Best Fuel Types For Cars: Electric, Hybrid, Diesel or Petrol?

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The advancement of cars in the last decade means that choosing a fuel type for your vehicle is no longer just a choice of diesel or petrol.

You can now choose between fuel-efficient hybrid cars and emissions-free electric cars if traditional combustion models don’t meet your needs.

So, which type of ‘fuel’ is best for your next car? In our latest blog we take a look at the different options and reveal the pros and cons of each to help you make the best choice.


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Should I choose a petrol car?

Young woman refilling petrol in gas station

Petrol cars are still the most popular type of new car, with a current market share of around 46%.

This is primarily down to the fact that petrol cars tend to be much more affordable to buy and lease than their diesel, hybrid and electric counterparts.

Another benefit of a petrol car is that their fuel efficiency has massively improved in recent years – to the point where the difference in price for the car itself and running it offsets the slightly lesser efficiency.

If you don’t drive many miles per year (less than 10,000) then a petrol car is probably a good choice for you.


Should I choose a diesel car?

Diesel fuel pump

Despite diesel cars being somewhat shunned to pave the way for newer fuel types, it still remains a viable option for drivers.

If you put a lot of miles on your car’s clock and value performance, diesel could be a sensible choice. That’s because most diesel cars produce higher levels of torque (power) because of the higher compression ratio during the combustion process.

What’s more is that they tend to have better fuel economy than petrol models due to them burning fuel more efficiently.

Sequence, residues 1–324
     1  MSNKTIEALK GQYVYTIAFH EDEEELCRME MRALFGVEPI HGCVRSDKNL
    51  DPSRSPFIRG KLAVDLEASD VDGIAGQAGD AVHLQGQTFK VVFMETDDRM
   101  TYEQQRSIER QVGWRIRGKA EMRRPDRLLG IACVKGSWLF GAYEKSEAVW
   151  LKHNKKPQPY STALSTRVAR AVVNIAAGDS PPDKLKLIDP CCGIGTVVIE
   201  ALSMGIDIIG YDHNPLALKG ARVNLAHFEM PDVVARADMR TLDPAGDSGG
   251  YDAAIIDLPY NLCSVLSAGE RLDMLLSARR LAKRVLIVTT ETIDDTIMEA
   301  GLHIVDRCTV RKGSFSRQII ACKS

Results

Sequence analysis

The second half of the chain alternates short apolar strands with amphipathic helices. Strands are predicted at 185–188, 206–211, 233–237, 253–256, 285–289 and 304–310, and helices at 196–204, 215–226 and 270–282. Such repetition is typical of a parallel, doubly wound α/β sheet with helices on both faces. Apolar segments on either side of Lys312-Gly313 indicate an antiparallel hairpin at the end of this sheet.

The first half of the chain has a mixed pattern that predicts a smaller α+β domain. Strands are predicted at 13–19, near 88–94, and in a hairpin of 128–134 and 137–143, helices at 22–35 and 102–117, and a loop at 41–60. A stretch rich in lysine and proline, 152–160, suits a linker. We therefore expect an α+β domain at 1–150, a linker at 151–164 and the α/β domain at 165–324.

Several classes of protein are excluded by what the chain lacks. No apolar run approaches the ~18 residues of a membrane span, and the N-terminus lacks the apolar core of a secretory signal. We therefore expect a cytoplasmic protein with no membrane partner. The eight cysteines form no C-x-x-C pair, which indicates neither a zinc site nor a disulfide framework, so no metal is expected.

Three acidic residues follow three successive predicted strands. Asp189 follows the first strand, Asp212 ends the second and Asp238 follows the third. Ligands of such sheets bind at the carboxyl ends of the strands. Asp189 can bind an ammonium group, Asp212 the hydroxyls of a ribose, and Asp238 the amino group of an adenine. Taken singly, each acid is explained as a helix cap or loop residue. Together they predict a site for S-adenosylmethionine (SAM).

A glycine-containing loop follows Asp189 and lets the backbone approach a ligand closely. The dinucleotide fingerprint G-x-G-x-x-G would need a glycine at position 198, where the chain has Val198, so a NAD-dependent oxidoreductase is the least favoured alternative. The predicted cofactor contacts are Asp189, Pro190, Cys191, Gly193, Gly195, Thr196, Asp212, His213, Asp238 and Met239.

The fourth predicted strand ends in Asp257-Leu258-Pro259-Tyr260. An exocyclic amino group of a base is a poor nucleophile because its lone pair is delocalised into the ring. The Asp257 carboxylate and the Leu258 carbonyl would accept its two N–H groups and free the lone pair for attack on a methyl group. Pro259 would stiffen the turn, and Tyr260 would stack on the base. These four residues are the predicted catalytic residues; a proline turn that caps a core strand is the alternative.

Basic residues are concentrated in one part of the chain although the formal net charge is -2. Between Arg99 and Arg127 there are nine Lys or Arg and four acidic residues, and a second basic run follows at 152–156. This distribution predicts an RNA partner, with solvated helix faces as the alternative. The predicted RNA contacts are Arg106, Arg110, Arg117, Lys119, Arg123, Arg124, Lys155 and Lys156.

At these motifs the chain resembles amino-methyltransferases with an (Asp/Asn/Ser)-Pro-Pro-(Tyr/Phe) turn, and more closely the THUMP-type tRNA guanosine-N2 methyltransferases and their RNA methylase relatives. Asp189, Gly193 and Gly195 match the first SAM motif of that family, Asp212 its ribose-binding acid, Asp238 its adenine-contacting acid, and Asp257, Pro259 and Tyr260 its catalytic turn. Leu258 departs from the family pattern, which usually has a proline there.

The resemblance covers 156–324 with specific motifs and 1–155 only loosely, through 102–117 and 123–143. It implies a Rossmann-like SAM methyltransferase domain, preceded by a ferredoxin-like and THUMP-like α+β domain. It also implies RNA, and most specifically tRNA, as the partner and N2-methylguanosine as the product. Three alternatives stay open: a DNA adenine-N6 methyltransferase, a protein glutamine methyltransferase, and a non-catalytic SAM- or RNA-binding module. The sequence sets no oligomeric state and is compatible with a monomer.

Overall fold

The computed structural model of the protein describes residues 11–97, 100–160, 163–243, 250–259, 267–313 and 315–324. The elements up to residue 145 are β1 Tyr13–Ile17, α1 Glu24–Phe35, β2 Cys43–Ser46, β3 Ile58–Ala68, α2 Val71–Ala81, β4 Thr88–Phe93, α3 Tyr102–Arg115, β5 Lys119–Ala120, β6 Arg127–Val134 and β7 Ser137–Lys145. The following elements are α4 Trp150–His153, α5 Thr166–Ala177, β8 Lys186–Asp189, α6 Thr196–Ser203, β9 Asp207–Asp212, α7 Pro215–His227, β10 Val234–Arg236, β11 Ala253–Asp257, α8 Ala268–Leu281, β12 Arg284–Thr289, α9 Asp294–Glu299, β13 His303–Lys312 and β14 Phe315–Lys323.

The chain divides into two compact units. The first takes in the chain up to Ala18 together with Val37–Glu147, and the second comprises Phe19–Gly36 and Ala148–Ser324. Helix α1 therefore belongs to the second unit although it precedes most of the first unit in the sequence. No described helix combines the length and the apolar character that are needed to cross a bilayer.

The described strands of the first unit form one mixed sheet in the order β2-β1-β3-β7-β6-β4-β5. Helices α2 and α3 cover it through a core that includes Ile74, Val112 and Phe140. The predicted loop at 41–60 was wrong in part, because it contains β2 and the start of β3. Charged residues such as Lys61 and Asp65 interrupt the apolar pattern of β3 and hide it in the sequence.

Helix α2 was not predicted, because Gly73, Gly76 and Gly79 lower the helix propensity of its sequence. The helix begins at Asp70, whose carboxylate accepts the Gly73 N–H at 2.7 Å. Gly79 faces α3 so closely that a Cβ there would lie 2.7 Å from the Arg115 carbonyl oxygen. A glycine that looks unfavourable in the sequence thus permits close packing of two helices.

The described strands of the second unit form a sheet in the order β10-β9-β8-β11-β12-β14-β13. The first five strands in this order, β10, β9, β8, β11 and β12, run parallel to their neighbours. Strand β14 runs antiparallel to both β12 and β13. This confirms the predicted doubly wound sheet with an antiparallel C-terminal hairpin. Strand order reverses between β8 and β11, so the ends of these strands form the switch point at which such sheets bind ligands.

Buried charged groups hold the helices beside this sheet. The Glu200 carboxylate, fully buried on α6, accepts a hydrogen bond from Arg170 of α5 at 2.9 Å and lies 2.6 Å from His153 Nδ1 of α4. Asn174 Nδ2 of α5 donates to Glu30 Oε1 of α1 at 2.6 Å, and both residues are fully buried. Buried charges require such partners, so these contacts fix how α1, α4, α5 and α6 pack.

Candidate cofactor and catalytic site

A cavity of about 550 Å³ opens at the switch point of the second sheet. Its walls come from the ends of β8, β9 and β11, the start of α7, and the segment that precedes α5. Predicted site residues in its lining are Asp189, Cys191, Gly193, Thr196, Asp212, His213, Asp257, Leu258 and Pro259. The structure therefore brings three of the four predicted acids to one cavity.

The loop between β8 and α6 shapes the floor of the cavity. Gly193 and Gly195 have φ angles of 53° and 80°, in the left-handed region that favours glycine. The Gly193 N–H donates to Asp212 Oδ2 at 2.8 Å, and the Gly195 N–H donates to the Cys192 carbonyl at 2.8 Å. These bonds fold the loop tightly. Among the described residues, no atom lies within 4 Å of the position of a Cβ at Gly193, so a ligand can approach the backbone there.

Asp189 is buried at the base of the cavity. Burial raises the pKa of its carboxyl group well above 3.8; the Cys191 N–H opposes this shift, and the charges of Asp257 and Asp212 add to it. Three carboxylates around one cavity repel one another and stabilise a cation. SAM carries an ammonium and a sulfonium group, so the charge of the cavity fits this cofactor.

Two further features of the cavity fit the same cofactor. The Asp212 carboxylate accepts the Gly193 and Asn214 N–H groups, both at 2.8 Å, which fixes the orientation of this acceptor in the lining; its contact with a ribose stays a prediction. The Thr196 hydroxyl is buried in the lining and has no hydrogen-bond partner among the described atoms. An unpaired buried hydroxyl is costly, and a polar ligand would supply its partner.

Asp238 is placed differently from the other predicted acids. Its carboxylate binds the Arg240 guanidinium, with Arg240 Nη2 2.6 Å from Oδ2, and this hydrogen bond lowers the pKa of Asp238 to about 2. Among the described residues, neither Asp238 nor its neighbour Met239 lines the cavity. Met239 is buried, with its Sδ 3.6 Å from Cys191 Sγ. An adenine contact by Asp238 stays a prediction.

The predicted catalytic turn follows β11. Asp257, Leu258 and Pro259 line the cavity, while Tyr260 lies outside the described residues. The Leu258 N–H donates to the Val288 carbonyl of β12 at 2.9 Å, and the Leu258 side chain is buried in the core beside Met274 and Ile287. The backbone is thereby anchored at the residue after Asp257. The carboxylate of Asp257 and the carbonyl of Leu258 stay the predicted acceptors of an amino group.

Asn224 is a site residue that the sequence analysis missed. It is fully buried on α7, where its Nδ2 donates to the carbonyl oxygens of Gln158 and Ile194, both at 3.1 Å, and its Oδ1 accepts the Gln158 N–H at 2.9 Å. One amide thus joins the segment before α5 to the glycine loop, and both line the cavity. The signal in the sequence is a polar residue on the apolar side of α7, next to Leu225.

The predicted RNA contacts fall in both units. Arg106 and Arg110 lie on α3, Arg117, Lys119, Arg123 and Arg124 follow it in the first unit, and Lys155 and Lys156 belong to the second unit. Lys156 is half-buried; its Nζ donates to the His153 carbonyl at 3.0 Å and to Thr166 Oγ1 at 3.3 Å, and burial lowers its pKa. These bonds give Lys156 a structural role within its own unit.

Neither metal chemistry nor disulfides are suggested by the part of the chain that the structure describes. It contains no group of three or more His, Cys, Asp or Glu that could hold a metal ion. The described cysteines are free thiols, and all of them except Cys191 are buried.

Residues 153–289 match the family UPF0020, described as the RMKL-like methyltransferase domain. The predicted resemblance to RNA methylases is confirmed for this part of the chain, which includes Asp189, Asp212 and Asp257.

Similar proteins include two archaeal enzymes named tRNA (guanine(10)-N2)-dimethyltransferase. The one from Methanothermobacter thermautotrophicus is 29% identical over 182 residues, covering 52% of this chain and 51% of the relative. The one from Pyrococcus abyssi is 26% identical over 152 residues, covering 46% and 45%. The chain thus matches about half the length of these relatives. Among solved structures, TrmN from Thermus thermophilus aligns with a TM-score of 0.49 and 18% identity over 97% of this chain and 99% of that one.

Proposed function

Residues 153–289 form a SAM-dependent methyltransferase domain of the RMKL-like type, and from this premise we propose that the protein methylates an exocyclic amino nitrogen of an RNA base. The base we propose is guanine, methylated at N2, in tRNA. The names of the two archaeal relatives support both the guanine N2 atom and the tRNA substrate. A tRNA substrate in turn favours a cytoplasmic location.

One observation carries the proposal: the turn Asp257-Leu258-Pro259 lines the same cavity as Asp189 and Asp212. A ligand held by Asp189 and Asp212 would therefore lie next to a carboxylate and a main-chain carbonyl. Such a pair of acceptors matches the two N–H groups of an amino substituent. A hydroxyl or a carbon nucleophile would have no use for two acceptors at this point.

It’s important to remember that if you do a lot of city driving or short commutes, then a diesel car won’t be as efficient as petrol, hybrid or electric models. This is due to most diesel cars having a DPF (diesel particulate filter) in the exhaust that prevents soot from passing into the atmosphere, which was added as part of the Euro 5 standard for diesel. Unfortunately, lots of short trips can cause a blockage in the exhaust that could lead to a breakdown, as the DPF needs to reach a certain temperature in order to regenerate.


Should I choose a hybrid car?

The Hyundai Kona Hybrid has an excellent 1.6-litre petrol-electric unit

Hybrid cars have been around since the ever-popular Toyota Prius was made available in 1997. Since then, they’ve increased in popularity thanks to their superior fuel economy and low emissions which make them some of the most affordable new cars to run.

Rather confusingly, hybrid cars are available with three different ‘levels’ of electrification.

  • Mild hybrid: mild hybrids use an electric motor and traditional combustion engine (usually petrol) but they can’t be powered by one or the other independently. A small electric motor assists the engine, providing modest power and efficiency boosts. You don’t need to charge a mild hybrid car because the engine does this automatically.